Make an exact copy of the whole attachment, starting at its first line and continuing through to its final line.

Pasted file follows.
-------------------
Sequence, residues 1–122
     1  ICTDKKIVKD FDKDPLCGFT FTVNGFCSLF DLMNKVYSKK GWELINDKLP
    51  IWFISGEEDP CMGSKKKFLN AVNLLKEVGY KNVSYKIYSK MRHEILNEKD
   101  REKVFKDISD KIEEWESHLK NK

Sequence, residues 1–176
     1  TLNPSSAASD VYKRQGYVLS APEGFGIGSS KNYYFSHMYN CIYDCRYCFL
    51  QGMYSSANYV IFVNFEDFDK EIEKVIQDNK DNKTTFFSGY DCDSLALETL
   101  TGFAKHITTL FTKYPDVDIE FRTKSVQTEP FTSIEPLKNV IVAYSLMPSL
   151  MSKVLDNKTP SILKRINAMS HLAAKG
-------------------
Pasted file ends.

Sequence, residues 1–122
     1  ICTDKKIVKD FDKDPLCGFT FTVNGFCSLF DLMNKVYSKK GWELINDKLP
    51  IWFISGEEDP CMGSKKKFLN AVNLLKEVGY KNVSYKIYSK MRHEILNEKD
   101  REKVFKDISD KIEEWESHLK NK

Sequence, residues 1–176
     1  TLNPSSAASD VYKRQGYVLS APEGFGIGSS KNYYFSHMYN CIYDCRYCFL
    51  QGMYSSANYV IFVNFEDFDK EIEKVIQDNK DNKTTFFSGY DCDSLALETL
   101  TGFAKHITTL FTKYPDVDIE FRTKSVQTEP FTSIEPLKNV IVAYSLMPSL
   151  MSKVLDNKTP SILKRINAMS HLAAKG